Hiring Generation Z: Challenges and Opportunities

Generation Z Man on Bench

Generations and cultural movements transition fluidly, so it’s hard for social scientists to pin down an exact age range for Generation Z. Generational status is determined by a lot of factors besides age, like cultural surroundings and exposure to certain lifestyles. General consensus puts Generation Z’rs’ birthdays between 1995 and 2015. What this means for schools and businesses is that there is a whole new demographic of workers finishing school and starting their careers right now. There are about 61 million Generation Z’rs joining the workforce and careers in education and therapy are in growing demand.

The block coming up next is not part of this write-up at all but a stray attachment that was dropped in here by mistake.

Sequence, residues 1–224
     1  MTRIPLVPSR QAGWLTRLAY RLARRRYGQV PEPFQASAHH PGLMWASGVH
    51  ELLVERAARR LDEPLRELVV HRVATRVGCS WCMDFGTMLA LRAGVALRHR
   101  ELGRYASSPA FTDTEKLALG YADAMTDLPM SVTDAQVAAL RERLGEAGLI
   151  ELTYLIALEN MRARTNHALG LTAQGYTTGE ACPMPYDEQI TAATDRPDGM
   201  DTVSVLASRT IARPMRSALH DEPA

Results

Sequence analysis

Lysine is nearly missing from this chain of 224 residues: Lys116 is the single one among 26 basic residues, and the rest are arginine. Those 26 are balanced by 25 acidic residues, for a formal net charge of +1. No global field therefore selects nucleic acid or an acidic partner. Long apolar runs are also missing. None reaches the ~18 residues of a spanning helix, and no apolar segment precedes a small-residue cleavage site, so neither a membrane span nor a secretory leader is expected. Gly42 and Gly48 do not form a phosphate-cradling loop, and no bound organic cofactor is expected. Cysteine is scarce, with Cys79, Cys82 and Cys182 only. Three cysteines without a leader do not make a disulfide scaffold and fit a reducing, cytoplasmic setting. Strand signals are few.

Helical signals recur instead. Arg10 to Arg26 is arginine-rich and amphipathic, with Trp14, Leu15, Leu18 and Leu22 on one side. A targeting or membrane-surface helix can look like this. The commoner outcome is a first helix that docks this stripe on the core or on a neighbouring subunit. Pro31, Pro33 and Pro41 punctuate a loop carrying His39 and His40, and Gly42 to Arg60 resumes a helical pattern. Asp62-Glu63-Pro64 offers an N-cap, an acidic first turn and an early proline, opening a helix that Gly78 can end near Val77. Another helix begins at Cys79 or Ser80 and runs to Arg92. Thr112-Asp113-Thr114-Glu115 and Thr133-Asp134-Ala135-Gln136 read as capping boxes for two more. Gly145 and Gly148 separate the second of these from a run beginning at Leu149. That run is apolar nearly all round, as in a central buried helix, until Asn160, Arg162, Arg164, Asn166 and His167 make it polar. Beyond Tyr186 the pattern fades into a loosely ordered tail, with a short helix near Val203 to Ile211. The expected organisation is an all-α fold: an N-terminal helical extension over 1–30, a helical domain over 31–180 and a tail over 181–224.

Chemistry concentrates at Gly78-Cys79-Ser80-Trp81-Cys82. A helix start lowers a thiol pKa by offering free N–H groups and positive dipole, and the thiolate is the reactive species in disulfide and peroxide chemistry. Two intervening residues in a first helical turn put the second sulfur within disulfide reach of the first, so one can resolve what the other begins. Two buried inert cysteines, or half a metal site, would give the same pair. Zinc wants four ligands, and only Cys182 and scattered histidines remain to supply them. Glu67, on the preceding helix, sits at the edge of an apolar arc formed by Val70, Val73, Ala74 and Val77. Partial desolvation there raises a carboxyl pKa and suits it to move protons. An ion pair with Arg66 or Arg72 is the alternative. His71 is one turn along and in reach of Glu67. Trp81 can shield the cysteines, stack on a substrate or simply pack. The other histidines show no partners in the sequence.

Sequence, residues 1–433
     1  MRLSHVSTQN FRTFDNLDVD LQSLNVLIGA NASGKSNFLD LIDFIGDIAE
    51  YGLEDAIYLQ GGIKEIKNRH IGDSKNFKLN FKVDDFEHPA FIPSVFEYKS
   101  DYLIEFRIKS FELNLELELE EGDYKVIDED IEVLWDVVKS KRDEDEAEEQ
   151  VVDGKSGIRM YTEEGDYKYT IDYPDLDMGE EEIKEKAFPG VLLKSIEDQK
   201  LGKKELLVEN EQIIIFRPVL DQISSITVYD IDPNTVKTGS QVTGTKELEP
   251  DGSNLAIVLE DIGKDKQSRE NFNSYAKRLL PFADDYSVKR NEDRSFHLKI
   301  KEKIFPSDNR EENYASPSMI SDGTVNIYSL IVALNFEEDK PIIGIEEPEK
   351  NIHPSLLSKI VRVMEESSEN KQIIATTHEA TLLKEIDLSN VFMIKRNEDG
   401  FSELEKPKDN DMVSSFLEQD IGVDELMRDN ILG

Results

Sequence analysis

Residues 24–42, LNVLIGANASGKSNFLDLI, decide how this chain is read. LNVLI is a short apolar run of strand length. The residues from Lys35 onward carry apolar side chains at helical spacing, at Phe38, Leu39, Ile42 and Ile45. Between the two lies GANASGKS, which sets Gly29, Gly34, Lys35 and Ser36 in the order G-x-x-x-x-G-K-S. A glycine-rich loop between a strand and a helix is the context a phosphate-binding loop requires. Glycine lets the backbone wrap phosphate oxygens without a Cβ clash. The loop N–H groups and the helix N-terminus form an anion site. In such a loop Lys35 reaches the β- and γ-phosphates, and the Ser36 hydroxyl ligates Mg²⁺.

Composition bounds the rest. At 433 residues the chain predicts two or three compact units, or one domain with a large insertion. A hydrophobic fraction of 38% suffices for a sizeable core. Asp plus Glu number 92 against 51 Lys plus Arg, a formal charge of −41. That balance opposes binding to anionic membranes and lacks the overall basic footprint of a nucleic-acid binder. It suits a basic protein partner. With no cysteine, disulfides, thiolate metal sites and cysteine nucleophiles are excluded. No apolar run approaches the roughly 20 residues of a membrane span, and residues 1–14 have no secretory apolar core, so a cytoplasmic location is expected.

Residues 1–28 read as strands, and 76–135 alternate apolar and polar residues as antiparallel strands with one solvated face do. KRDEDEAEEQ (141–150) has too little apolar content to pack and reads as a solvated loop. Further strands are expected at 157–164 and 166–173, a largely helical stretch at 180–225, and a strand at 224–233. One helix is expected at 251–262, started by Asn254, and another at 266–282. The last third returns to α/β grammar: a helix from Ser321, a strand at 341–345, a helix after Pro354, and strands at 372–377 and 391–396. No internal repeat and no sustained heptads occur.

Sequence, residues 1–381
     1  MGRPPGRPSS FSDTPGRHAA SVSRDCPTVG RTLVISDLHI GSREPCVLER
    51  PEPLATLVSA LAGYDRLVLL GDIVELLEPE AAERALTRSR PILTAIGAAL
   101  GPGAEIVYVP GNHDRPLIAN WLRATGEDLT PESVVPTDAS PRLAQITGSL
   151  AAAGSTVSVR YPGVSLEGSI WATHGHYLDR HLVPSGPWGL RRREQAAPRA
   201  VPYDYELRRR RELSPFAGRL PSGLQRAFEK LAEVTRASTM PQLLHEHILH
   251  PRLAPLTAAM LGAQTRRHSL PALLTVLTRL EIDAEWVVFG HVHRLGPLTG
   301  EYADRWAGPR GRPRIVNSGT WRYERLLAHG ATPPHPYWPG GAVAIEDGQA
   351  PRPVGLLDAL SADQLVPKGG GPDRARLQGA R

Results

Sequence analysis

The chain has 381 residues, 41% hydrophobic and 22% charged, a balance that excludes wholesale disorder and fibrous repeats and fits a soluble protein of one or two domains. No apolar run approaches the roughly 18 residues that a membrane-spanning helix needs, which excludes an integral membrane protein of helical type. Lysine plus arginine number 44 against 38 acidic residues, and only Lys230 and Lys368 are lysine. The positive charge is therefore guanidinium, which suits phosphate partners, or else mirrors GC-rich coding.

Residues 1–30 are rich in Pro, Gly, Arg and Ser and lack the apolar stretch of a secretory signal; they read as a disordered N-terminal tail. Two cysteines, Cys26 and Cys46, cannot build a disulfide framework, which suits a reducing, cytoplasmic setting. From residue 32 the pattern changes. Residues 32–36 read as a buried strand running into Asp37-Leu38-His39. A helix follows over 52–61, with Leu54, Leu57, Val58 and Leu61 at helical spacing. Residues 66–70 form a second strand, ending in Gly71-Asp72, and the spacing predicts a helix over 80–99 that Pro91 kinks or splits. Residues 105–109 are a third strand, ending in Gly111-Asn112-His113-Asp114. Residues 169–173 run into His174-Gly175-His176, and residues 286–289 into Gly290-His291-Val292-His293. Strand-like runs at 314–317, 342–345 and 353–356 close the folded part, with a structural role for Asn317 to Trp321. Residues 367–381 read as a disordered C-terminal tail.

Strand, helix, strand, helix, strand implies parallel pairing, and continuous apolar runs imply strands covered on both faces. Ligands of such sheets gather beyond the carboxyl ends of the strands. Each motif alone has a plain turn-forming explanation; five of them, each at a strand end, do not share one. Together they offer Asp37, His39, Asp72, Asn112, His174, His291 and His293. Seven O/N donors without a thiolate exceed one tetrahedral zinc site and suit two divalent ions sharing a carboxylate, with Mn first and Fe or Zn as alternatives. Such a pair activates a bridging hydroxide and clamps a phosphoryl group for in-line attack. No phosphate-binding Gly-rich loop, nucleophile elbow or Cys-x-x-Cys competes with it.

Who is Generation Z, What Drives them?

Before hiring a Generation Z, you should know the common strengths, weaknesses, and trends scientists attribute to their generation.

Key Incentives for Generation Z in the Workforce: Not Just Money

Firstly, you should rethink how workers prioritize certain incentives. Salary is actually becoming less important for younger generations’ careers. In a study comparing Millennials and Generation Z, researchers found the percentage of people who said that money could make them work harder and remain loyal to their employers dropped by more than 10% in Generation Z’s data sample. Loyalty to the same company itself is dying as more people have to switch jobs and work more than one. Though Generation Z does not value materialism as much as previous generations, financial hardship has forced them to be realistic about what they need. If they do not get it out of a current job, they will typically look elsewhere.